IMF's Largarde: “Economic prospects for Vietnam remain favorable”

By Tran Quoc Thoai   March 19, 2016 | 02:43 am PT
IMF's Largarde: “Economic prospects for Vietnam remain favorable”
IMF managing director Christine Lagarde talks with Ho Chi Minh City People’s Committee chairman Nguyen Thanh Phong on March 17, 2016.
The outlook for Vietnam's economic development is positive, said the International Monetary Fund Managing Director Christine Lagardes.

Christine Lagardes also welcomed Vietnam's move to adopt a greater exchange rate flexibility would increase its shock absorbing capacity.

“I welcomed the government’s adoption of a more flexible exchange rate regime, and agreed that it would provide an enhanced external shock absorber that would help preserve macroeconomic stability and allow an accumulation of international reserves,” said IMF managing director Christine Lagarde in a press release on Friday.

The press release was issue to wrap up the three-day official visit of Christine Lagarde to Hanoi and Ho Chi Minh City, two biggest cities of Vietnam.

The recommendation followed what the IMF chief said in a speech in Hanoi one day earlier that Vietnam should “safeguard macroeconomic stability, like making greater use of exchange rate flexibility to soften the impact of external shocks and help build external reserves.”

IMF recommended Vietnam to create a new monetary policy regime for a rising and more sophisticated economy, and using inflation as a nominal anchor for monetary policy, said the head of the IMF in her speech.

“Economic prospects for Vietnam remain favorable,” said Christine Lagarde.

The IMF chief suggests Vietnam to “broaden and sustain these achievements through a second generation of reforms that continue macroeconomic and financial stability, accelerate structural reforms and further integrate Vietnam into the regional and global economy.”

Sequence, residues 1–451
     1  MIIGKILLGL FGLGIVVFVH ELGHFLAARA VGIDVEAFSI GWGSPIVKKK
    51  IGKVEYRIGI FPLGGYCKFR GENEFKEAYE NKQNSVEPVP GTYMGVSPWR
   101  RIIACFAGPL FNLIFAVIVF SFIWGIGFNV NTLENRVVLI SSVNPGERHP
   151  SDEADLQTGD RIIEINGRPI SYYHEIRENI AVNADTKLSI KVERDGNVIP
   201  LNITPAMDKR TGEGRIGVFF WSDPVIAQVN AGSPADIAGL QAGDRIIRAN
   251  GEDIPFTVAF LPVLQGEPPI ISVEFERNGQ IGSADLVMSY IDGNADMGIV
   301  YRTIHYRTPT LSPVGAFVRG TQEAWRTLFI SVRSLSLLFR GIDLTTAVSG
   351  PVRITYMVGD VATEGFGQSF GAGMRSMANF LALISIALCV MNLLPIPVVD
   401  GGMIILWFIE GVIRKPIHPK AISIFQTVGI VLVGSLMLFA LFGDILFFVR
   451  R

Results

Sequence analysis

“I also encouraged the authorities to further strengthen the country’s fiscal position and resilience amid external volatility,” said Lagard.

The State Bank of Vietnam (SBV) on January 4 started to apply a “central forex rate” for the U.S. dollar which the SBV can adjust on a daily basis with a minus/plus three percent trading band.

With the initiative, introduced by the SBV on December 31, the central bank of Vietnam had for the first time abandoned the old mechanism of maintaining a fixed reference rate for the whole banking system.

The move followed the 1 percent devaluation of the local currency, the Vietnamese dong, and the widening of the trading from minus/plus two percent to three percent to cope with the depreciation of the Chinese yuan some days earlier.

By the end of last year, the local currency, the dong was collectively devalued by almost 5 percent given the one-percent devaluation in January, May and August, and the widening of the dong-dollar trading band.

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